By now, there should have been a new president of the Football Association of Thailand. As things stand, though, the power vacuum still remains after caretaker president Worawi Makudi decided to turn the board over with a controversial decision to postpone Friday’s scheduled election.
It had been expected that a dramatic day appeared in store at the FAT general meeting after the presidential election did not become just the mere formality when there was at least one candidate to challenge the incumbent for the first time in many years.
Nevertheless, Worawi’s announcement of the postponement, which came just before the start of the meeting, was something beyond what even the pundits could envisage. However, it was not quite difficult to find out the cause that led to such controversial decision. Worawi’s grim face on his way out of the meeting room told its own story.
The rumours about “the man lurking in the shadow” would join in the race were true and his mystery was resolved on the day after Virat Chanpanich, the FAT board member, was identified as the person in question.
If there were only Worawi and Pichate Munkong, the former president of Thai Port FC club, for members to vote, it appeared certain that the former would be re-elected for his third consecutive two-year term in the post he has held since 2007.
That would be the case because Pichate was already struggling to find a member who would nominate his name in the voting, not mention to gather the support, despite his attention-capturing policy which included relieving former England and Manchester United captain Bryan Robson of the role of the national team coach.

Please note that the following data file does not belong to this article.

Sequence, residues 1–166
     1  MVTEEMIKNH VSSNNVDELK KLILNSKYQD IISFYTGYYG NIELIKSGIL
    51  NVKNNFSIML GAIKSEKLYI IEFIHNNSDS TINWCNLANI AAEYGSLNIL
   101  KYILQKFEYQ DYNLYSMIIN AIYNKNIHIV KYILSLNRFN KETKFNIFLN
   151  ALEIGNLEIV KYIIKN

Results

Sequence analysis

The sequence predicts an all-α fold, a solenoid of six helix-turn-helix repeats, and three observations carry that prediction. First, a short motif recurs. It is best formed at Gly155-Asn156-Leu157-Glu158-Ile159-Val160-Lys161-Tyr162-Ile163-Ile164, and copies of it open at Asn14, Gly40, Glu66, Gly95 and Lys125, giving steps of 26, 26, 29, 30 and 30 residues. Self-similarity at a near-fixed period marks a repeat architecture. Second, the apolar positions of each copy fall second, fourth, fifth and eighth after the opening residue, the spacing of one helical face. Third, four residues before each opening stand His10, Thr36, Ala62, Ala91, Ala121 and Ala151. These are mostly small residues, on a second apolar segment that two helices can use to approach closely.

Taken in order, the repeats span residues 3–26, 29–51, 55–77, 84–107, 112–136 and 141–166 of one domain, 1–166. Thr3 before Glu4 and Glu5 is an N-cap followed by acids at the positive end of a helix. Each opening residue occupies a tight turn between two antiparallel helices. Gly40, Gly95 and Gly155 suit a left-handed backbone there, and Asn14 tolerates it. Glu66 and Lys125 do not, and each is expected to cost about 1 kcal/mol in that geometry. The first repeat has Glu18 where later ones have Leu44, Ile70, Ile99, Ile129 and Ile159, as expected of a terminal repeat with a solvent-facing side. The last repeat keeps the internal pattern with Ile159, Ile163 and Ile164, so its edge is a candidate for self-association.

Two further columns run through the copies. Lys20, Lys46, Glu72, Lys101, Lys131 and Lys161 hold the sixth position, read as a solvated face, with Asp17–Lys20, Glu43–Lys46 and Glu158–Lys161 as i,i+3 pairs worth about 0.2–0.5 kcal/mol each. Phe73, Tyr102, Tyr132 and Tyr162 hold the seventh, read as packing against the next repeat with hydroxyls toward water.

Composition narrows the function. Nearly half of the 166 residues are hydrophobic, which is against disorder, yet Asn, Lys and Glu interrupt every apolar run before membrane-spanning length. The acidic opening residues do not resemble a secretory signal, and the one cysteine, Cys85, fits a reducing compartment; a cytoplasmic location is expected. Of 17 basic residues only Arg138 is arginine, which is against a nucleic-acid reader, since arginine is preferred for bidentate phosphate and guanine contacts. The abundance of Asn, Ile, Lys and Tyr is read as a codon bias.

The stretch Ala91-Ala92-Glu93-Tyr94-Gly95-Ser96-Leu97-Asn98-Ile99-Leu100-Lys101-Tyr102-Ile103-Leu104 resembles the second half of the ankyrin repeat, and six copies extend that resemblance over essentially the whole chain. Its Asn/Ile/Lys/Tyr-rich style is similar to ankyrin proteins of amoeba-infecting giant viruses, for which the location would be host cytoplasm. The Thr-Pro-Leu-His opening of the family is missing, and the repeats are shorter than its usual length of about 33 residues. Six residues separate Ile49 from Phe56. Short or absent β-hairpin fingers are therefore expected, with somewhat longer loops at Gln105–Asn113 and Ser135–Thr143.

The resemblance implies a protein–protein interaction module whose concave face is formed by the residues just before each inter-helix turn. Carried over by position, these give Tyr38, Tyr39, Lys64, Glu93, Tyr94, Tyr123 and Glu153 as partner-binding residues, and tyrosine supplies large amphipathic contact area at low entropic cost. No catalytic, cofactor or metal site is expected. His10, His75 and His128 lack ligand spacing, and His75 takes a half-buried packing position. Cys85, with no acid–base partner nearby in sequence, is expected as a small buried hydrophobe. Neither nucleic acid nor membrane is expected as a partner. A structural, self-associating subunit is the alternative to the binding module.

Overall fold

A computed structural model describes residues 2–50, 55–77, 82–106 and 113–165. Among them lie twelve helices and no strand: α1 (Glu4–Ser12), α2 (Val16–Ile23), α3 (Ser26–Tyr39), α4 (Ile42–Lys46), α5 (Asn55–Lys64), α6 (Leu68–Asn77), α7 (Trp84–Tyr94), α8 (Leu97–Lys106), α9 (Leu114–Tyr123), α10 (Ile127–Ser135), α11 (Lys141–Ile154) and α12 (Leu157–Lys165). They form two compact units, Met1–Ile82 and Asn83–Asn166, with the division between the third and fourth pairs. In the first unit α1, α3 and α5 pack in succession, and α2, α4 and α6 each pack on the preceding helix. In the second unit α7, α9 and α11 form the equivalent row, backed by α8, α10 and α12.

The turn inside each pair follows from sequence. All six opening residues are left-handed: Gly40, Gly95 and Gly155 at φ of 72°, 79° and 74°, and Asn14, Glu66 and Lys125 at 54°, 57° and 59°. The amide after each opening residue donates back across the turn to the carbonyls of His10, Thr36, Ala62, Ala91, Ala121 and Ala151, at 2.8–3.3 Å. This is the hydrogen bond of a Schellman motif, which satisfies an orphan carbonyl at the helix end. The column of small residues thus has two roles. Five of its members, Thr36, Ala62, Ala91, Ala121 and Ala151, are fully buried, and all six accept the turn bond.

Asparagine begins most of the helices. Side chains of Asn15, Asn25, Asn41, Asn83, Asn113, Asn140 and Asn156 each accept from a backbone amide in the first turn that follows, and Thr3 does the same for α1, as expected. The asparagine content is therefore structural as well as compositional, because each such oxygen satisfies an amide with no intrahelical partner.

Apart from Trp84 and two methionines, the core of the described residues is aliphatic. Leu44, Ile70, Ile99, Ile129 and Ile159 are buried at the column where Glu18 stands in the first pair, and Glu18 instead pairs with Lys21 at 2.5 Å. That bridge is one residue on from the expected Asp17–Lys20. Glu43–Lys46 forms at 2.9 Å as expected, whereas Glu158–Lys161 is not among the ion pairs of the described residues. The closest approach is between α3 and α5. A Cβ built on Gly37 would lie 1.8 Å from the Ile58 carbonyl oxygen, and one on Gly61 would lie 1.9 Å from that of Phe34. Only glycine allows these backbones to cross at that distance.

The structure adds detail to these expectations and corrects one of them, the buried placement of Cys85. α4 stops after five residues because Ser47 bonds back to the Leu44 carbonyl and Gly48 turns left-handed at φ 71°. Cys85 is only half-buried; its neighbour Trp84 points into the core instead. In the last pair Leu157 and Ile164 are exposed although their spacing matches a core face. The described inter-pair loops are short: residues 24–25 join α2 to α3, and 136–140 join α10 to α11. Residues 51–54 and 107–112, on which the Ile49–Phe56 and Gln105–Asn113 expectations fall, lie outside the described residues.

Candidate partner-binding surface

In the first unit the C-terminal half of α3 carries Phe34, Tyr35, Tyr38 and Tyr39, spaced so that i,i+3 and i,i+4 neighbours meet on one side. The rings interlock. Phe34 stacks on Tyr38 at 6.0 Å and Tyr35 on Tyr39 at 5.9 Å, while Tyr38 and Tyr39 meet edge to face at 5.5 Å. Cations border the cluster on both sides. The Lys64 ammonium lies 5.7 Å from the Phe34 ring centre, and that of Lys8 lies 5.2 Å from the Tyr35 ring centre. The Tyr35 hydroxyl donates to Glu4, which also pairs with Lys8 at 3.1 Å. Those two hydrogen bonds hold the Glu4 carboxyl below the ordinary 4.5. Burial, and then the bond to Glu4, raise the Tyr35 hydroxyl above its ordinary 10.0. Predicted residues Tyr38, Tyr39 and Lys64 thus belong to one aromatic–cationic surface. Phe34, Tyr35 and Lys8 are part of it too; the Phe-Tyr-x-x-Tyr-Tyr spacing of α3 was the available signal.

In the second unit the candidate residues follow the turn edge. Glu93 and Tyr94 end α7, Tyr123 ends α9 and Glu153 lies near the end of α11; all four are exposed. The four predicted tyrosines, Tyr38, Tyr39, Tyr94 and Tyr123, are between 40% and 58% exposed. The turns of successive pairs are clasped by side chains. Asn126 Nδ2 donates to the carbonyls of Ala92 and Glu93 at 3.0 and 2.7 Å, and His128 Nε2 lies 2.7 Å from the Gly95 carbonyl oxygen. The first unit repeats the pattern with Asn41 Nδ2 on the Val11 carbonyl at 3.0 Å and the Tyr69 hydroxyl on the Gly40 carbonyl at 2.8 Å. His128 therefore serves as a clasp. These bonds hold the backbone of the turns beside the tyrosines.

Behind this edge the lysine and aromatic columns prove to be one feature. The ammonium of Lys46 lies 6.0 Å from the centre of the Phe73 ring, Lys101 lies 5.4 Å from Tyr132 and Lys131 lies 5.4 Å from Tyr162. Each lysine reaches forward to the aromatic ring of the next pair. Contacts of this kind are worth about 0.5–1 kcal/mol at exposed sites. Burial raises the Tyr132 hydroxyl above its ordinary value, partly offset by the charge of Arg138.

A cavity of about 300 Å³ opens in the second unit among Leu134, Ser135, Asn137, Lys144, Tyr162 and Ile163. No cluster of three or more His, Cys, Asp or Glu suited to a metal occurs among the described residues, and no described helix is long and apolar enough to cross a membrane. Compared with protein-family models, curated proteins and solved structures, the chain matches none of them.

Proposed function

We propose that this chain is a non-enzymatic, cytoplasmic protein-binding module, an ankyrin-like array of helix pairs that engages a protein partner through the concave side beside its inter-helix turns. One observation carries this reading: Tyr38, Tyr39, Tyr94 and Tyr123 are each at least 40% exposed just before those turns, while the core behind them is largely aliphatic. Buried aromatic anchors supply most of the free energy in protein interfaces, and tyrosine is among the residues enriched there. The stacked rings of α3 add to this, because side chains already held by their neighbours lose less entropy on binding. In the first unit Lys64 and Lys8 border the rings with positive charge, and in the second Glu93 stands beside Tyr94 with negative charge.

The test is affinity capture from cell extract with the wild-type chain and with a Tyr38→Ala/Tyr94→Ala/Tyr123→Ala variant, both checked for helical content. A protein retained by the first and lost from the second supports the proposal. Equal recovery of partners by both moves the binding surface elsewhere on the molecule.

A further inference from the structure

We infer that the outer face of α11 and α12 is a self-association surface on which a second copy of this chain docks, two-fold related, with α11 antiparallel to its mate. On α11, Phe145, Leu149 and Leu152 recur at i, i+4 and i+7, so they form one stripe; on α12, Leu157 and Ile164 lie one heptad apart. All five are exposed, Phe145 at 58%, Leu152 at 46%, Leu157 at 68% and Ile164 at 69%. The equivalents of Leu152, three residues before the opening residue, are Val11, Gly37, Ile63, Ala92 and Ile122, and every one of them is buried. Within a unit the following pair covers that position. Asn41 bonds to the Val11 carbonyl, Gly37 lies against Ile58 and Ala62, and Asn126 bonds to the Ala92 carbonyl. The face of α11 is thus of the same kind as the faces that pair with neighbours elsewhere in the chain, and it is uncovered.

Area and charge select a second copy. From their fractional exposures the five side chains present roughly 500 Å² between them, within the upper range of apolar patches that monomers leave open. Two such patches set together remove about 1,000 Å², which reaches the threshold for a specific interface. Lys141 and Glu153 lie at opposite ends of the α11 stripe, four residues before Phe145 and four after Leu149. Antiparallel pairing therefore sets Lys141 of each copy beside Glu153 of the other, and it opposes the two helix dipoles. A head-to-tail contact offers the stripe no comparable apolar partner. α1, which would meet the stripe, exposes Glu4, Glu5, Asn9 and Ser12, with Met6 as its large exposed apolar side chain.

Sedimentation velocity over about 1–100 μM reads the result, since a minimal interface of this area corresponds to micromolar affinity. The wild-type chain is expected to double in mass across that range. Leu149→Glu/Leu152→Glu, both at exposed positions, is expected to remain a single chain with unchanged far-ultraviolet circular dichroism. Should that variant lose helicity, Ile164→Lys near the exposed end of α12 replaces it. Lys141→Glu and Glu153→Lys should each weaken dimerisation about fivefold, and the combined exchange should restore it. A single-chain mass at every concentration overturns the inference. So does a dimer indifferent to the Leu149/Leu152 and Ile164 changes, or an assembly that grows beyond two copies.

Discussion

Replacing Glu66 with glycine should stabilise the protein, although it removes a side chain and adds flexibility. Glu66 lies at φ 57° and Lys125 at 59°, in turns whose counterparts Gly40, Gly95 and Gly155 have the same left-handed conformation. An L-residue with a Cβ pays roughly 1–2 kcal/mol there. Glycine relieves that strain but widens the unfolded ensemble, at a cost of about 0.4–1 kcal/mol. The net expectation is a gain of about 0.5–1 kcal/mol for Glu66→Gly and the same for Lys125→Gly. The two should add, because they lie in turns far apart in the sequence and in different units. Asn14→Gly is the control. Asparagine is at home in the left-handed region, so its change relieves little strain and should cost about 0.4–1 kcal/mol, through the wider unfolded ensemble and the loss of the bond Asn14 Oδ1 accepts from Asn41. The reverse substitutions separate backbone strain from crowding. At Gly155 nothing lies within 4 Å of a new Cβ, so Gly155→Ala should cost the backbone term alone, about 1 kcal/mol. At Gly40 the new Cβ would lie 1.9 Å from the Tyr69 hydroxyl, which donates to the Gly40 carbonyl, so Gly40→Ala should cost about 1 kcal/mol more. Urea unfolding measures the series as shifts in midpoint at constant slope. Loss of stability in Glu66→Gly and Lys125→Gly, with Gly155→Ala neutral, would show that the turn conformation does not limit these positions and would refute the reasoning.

The emergence of the “third” man, though, changed the whole course of the event. After a private survey by his camp on the support indicated that Virat, who previously had a few stints as the national team manager, held the lead over him, Worawi eventually decided to call off the election in what could only be seen as a desperate attempt to at least buying more time.
Worawi used the problem about the duplication of the members’ authorisation letters as the excuse for not seeking the postponement resolution from the meeting as suggested by the official from the Sports Authority of Thailand, who was present to oversee the election. However, a report that the decision was made by a few executive members not the entire board reflected how desperate Worawi was in clinging on to his post.
Given all the events that unfolded in the meeting, it seemed that there was a glimmer of hope for anyone who wanted to see a change in the Thai FA management after the Thai team’s performances hardly made for pleasant reading during Worawi’s reign. The bitter memory two years ago of the Thai’s bidding to win the SEA Games title for ninth consecutive time only to be dumped out in the group stage for the first time in 36 years still rankled fans.
Worawi, whose creditability suffered a heavy blow last week following the country’s disqualification from the Olympic qualifiers for fielding an ineligible player against Palestine in the preliminary round, may be able to secure his stay of execution for the time being.
However, the manner he wielded his power to force the postponement perhaps would have made it easier for members to decide for whom they would cast their vote next time.